Refractories leader RHI Magnesita (RHI) saw interim profits more than halve as demand at its steel and industrial divisions has been hit by the COVID-19 pandemic.
The company also dropped its half-year dividend as pre-tax profit for the six months to 30 June 2020 slumped to €70M (US$83M), from €165M (US$196M) in 2019, as revenue fell 24% to €1.71Bn (US$2.03Bn).
RHI said economic uncertainty remained. Net debt was stable at €666M (US$792M) and the company said it was still in a strong financial position, with liquidity of €1.1Bn (US$1.3Bn).
The company reported that global steel production contracted by 6% in H1 2020 compared to the same period last year. Excluding China, output was down 14.3%, with a contraction of 24.8% in the second quarter, based on weaker demand from the group’s steel customers across all regions.
This led steel division revenues to decline by 22.4% to €820M (US$975M) on a constant currency basis. Gross margin declined over the same period, predominantly due to lower sales volumes causing poorer fixed cost absorption and lower raw material prices, the company said.
The lockdown imposed in China in the first few months of 2020, and in Europe and North America over mid-2020, caused a massive drop in final demand for steel across many sectors. Steel production, the key driver for refractories, fell too.
As RHI has noted, the COVID-19 induced recession is expected to have different implications for steel production in China compared with steel production in the rest of the world this year. As was the case during recovery from the 2008-2009 Financial Crisis, the resilience of the Chinese economy is being significantly influenced by government support and infrastructure spending. Under Roskill’s Deep-V macroeconomic scenario, the Chinese economy is forecast to post positive 2.5% GDP growth in 2020, while the world ex-China is expected to experience a 4.6% GDP decline.
However, the nature of infrastructure spending will be different in 2020 as the Chinese government is shifting its priority from ‘traditional infrastructure’, e.g. roads, airports and other large construction projects, to ‘new infrastructure’.
Back in 2008, China implemented a RMB4Tn (US$570Bn) stimulus package, centred around traditional high-steel-intensity infrastructure. However, the 2008 stimulus left China with a chronic overcapacity across heavy industries, inefficient operations and bad debts accumulating in banks’ balance sheets. The focus to drive the economy towards recovery this time around will increasingly be on ‘new infrastructure’, such as that for electric vehicle charging, upgrading of the electrical grid, artificial intelligence, 5G networks, improved transportation systems, and data centres. This shift aligns with the transformation of the Chinese economy, with future investments being less steel intensive than in the past.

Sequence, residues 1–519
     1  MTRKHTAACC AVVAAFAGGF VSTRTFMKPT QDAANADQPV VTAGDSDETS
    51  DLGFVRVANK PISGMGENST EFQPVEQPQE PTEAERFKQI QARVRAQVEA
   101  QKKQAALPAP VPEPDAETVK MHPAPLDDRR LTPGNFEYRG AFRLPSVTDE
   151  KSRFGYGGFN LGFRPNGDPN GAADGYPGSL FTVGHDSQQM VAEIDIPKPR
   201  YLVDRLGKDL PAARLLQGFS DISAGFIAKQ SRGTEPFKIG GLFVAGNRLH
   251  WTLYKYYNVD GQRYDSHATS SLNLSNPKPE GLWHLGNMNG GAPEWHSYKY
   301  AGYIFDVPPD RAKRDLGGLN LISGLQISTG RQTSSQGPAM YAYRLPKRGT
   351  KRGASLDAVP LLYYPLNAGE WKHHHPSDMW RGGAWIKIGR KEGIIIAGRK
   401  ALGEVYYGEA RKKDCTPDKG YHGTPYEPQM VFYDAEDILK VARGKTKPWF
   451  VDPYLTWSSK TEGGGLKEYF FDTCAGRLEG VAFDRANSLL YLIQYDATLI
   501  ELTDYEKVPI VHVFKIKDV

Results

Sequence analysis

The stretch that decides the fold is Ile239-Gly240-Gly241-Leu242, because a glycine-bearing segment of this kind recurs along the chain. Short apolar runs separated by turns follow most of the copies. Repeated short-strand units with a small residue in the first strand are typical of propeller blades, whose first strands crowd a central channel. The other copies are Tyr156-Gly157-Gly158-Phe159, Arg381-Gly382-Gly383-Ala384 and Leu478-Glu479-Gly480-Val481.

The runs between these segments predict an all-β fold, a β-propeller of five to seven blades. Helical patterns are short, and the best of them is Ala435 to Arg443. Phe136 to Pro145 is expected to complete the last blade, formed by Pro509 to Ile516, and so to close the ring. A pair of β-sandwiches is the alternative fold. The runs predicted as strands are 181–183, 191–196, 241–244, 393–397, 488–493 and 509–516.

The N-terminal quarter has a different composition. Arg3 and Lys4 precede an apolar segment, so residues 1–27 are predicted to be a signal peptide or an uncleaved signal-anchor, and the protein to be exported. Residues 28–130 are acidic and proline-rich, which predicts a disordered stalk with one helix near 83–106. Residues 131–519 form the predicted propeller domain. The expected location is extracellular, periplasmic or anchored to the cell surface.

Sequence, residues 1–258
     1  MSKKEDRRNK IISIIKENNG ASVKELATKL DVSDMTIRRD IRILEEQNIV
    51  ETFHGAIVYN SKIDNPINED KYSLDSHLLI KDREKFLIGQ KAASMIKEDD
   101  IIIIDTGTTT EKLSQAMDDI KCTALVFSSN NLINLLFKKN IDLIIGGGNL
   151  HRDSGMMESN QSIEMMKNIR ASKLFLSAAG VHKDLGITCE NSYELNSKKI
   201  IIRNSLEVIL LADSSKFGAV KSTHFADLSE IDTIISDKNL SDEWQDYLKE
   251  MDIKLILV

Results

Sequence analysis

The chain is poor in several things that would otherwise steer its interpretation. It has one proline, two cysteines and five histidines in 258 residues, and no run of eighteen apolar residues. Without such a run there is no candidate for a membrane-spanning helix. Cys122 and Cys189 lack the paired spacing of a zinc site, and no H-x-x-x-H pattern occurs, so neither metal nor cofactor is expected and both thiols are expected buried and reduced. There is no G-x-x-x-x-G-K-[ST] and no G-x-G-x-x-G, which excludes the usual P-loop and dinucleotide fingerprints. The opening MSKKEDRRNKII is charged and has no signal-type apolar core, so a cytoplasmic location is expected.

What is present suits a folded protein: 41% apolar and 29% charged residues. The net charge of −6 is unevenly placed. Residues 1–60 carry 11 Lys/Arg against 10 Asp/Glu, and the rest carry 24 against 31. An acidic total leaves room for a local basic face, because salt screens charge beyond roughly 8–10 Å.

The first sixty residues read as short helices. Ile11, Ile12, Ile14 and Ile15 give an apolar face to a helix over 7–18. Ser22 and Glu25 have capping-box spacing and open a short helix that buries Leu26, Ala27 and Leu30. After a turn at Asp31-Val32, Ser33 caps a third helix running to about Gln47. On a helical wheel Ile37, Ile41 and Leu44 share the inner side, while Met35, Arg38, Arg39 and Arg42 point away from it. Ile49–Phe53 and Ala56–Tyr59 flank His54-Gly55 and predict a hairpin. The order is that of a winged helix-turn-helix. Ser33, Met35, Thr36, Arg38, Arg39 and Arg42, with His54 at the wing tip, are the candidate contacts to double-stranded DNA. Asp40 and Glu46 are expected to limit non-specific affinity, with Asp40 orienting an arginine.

Twenty-five Chinese provinces have already published lists of investment programmes for a total amount of RMB50Tn (US$7Tn), including RMB7.6Tn (US$1.1Tn) earmarked for 2020. In its 5-year investment plan, spending on these new infrastructure projects is estimated to reach nearly RMB2Tn (US$280Bn) each year, unlocking at least RMB10Tn (US$1.4Tn) worth of direct investment and RMB17Tn (US$2.4Tn) of indirect investment by 2025.
‘Traditional infrastructure’ will remain an important driver of China’s infrastructure investment growth, although on a declining trajectory as China’s transition from a steel intensive fixed-assets investment economy into a digital economy will gain momentum in the coming years.
Roskill’s NEW Natural & Synthetic Graphite: Outlook to 2030, 13th Edition report will be published soon and will include analysis of recent steel and refractory industry trends on supply, demand, trade and prices, as well as providing forecasts to 2030, profiles of the main producers, and an industry cost curve for spherical graphite. Click here to download the brochure and sample pages for the report, or to access further information.
Roskill’s NEW Magnesium Compounds: Outlook to 2030, 14th Edition report is due to be published in October 2020; click here for more information.